Did China indeed abandon its traditional North Korea policy? I had a chance to get a glimpse into China’s inner thoughts. In mid-November, the Shanghai Academy of Social Sciences and the Korean Consulate General in Shanghai hosted a forum on the Korean Peninsula. An attendee commented that the forum had more candid conversations than Beijing, where only the same, old rhetoric is repeated.
On various points, Chinese experts have different views from Koreans. They have different understandings of the six-party talks, which have been halted for a long time. Assistant President Wang Fan of China Foreign Affairs University said that too high a threshold has been set to resume the talks, and the United States is enjoying benefits by reinforcing alliances in the meantime. Bian Xiaochun, the deputy director of the International Cooperation Department of the Development Research Center of the State Council, said that neighbors need to tone down demands on North Korea. Liu Ming, executive deputy director of the International Relations Institute of the Shanghai Academy of Social Sciences, said that if the current situation continues for long, North Korea’s nuclear capacity will continue to grow and make the situation serious.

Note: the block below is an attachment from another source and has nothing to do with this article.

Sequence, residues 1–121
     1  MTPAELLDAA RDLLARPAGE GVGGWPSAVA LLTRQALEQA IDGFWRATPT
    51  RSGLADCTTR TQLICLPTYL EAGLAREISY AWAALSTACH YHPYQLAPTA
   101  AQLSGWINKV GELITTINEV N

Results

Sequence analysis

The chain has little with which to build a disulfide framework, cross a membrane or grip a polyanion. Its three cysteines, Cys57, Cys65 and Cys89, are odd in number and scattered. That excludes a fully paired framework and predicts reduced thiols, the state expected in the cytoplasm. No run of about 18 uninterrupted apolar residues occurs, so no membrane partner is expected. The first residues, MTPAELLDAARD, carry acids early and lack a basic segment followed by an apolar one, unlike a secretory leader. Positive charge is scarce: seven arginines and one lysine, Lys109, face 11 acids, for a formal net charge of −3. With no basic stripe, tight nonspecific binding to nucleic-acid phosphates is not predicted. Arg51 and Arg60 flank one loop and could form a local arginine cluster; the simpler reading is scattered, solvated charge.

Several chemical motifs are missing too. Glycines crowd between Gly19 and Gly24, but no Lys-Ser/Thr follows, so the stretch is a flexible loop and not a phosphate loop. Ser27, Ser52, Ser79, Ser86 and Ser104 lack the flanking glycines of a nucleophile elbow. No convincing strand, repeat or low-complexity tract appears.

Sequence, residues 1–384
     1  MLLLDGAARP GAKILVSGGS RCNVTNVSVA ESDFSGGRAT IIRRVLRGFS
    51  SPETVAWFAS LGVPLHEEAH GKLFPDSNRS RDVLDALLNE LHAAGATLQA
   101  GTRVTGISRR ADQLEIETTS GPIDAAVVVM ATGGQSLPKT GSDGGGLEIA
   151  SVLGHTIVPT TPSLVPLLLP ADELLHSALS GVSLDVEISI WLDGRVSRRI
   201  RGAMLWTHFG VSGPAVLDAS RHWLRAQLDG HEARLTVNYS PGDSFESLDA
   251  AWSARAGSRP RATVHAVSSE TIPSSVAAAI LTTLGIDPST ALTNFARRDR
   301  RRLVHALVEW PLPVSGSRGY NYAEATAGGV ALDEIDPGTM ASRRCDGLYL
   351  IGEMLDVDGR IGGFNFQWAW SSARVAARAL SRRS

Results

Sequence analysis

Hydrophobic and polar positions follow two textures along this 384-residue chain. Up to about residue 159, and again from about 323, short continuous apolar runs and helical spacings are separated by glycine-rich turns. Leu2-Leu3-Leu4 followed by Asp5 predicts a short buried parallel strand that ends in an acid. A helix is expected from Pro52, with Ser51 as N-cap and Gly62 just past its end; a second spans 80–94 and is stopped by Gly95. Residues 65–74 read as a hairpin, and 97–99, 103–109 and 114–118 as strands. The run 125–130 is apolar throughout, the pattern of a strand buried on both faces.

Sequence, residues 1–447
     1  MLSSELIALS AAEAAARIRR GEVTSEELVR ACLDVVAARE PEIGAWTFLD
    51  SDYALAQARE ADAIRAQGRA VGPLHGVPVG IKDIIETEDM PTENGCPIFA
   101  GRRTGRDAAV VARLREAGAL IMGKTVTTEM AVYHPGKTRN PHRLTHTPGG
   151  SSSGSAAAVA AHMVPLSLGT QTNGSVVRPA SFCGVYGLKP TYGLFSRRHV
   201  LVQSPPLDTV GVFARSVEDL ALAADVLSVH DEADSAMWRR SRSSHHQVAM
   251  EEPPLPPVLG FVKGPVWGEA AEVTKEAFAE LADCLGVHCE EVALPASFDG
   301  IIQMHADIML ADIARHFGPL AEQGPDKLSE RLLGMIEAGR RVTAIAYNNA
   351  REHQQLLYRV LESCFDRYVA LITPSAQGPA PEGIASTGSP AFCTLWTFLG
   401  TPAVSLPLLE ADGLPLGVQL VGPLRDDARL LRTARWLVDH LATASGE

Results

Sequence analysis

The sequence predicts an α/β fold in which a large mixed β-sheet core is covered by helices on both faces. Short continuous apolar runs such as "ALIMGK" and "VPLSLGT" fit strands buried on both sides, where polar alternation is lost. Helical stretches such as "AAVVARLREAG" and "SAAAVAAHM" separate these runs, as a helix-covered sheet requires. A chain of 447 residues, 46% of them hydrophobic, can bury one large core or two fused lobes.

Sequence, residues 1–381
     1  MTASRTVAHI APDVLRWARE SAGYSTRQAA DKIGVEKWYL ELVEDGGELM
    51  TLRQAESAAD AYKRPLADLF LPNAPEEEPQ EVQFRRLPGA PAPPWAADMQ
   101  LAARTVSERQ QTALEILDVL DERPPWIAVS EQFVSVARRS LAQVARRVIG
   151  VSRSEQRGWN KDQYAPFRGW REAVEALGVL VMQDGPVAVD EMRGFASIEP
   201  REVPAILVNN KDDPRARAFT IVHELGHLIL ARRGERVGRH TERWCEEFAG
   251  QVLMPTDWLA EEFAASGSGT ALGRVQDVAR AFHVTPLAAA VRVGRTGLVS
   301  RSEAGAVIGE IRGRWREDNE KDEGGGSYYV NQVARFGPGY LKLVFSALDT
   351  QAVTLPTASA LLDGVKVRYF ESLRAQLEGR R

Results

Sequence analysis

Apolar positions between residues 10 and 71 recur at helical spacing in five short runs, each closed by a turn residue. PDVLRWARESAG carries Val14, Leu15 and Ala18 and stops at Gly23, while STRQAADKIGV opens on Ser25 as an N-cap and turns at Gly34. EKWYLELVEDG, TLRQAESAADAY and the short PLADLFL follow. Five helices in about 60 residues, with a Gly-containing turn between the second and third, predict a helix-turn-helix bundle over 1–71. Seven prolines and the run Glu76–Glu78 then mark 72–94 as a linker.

They were skeptical of reinforced pressure on North Korea, which Seoul and Washington demand. “While China strongly condemned North Korea for the second nuclear test in 2006, it proposed extensive economic cooperation and switched the policy two years later,” Liu said. He posited that Politburo Standing Committee member Liu Yunshan’s visit to North Korea means that China was ready to make concessions. “Completely severing relations with North Korea is not only very dangerous, but it also diminishes China’s influence on North Korea.” Bian proposed that the pending economic cooperation should be implemented to maintain stability in the peninsula.
Korea and China have become closer, and the range of strategic communication has certainly expanded. But the experts who can influence China’s policy-making have different opinions from the Korean government. China certainly pursues maintaining the status quo rather than unification. Korea needs to persuade China by proposing logic to overcome these differences.
JoongAng Ilbo, Nov. 24, Page 30
*The author is the Beijing correspondent for the JoongAng Ilbo.
BY YEH YOUNG-JUNE